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Analysis of the water-power nexus in the West African Power Pool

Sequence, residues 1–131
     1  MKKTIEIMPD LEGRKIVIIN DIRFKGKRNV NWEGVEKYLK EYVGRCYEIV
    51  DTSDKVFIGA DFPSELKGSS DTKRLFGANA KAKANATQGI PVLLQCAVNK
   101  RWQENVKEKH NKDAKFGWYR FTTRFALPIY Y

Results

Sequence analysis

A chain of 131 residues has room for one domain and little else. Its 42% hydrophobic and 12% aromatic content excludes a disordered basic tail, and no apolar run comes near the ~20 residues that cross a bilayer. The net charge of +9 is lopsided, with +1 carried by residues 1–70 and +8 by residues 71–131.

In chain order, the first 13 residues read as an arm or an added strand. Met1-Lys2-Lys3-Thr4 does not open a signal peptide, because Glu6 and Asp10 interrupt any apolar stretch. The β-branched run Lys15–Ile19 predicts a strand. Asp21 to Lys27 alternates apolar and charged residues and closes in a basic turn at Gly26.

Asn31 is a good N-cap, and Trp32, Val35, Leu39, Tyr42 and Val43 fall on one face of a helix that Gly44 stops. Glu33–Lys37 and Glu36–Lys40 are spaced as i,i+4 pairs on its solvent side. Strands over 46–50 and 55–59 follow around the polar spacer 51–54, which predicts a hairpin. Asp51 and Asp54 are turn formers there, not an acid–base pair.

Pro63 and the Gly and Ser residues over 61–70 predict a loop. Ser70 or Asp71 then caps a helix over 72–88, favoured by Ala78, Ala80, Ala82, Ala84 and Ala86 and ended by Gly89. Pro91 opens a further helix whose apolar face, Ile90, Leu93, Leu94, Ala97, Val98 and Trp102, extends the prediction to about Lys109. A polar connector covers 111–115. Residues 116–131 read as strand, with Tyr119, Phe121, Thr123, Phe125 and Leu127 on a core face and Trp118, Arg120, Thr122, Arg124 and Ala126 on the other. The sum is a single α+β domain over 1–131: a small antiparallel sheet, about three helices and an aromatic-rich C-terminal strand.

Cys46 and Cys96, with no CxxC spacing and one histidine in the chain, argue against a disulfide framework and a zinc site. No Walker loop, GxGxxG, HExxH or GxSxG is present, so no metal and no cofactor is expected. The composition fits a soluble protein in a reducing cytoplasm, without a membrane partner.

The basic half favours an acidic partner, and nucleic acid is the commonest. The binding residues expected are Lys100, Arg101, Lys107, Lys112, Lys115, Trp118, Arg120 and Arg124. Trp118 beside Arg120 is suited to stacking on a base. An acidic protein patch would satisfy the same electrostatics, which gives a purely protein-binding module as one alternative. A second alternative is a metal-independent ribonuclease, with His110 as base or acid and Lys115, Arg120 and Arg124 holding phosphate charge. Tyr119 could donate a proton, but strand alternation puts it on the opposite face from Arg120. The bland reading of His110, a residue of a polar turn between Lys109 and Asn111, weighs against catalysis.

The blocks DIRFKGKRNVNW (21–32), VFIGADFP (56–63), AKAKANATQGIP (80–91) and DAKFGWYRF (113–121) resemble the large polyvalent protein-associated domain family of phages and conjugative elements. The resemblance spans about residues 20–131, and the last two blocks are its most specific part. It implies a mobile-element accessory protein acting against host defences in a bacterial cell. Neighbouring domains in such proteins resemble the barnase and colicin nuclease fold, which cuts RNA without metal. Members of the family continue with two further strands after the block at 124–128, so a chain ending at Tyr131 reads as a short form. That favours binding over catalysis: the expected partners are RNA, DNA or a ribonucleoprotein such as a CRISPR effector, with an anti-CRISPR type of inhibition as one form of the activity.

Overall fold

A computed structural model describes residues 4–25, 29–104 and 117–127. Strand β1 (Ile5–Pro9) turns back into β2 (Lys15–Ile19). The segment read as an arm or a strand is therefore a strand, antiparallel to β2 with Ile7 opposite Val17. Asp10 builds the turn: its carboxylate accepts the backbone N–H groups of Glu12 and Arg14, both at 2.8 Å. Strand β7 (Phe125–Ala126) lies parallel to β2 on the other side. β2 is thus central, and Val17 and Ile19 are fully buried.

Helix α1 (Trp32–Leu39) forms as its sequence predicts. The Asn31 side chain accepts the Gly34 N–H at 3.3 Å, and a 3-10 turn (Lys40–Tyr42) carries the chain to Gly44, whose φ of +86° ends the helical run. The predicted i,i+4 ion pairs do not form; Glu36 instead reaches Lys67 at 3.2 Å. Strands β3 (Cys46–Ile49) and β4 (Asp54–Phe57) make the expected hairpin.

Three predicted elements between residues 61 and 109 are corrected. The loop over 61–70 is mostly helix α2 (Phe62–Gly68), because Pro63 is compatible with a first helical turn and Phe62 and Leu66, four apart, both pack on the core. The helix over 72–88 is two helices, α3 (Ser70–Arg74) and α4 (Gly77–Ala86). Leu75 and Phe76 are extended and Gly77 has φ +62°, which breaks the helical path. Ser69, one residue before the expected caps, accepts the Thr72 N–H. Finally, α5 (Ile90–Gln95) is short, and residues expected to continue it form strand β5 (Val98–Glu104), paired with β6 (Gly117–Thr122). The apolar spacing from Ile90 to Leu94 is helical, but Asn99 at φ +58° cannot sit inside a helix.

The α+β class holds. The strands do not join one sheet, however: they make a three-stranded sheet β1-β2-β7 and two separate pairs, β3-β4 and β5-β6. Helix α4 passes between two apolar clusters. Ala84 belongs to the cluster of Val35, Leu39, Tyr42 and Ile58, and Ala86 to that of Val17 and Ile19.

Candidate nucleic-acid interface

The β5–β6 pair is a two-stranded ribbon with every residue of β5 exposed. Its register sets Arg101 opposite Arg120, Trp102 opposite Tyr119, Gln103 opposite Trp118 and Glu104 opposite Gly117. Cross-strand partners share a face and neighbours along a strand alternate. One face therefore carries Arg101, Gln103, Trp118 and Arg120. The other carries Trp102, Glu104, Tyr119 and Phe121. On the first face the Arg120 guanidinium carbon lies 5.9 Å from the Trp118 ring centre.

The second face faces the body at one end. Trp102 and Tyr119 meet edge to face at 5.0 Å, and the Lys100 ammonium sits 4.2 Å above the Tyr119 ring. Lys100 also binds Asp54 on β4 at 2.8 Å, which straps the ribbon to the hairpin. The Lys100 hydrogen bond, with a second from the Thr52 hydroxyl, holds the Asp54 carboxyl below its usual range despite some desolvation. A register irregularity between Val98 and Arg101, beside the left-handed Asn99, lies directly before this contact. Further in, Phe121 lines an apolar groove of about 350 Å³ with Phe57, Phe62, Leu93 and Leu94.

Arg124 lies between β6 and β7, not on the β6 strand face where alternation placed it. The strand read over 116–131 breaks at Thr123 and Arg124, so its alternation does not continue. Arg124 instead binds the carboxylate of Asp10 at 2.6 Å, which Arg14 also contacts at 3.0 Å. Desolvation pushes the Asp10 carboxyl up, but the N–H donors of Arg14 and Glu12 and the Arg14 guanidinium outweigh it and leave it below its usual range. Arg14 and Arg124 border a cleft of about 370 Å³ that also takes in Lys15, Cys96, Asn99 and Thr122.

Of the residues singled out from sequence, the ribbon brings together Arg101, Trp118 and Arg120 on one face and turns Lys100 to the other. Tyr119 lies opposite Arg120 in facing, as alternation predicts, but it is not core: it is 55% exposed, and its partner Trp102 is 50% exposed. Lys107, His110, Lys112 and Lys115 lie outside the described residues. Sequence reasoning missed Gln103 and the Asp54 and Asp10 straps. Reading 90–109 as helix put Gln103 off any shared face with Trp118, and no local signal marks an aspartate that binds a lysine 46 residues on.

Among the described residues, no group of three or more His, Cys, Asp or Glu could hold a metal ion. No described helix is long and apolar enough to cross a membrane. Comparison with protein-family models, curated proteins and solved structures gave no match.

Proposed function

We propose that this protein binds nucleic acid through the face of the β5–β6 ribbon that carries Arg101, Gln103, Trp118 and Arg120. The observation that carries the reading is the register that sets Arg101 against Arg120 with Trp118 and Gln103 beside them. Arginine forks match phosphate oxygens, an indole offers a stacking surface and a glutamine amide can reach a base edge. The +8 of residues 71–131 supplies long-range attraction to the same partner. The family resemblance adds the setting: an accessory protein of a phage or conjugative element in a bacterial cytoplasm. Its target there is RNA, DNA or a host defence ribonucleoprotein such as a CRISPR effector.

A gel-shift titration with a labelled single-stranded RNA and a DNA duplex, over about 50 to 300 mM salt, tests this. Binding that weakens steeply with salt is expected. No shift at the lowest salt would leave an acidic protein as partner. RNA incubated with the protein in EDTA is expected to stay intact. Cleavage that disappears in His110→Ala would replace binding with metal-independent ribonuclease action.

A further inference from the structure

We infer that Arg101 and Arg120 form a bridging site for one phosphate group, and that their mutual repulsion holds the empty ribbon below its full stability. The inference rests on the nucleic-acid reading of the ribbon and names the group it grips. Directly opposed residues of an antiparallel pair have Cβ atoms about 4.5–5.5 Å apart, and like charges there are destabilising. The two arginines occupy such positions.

The operation and economics of the power systems are constrained by the availability and temperature of water resources since thermal power plants need water for cooling and hydropower plants are fuelled by water to generate electricity. In Europe and North America water shortages or high river water temperatures have recurrently occurred in the last years, leading to monetary losses, power curtailments, temporary shutdowns, demand restrictions, and ultimately increased wear and tear of the power plants. On the other hand, the operation of the power system may impact on the quantity and quality of the water resources. The combined effect of increased water consumption, for energy and non-energy purposes, with lower availability of water resources due to climate change is expected to lead to similar problems in Africa. In most African energy systems hydropower is the dominant renewable energy source, but they rely heavily on oil- and gas-fired capacity, and lack interconnections with neighbouring countries. This report describes the modelling framework developed by the JRC for analysing the water-power nexus, and describes the results of applying it to the case of the West African Power Pool.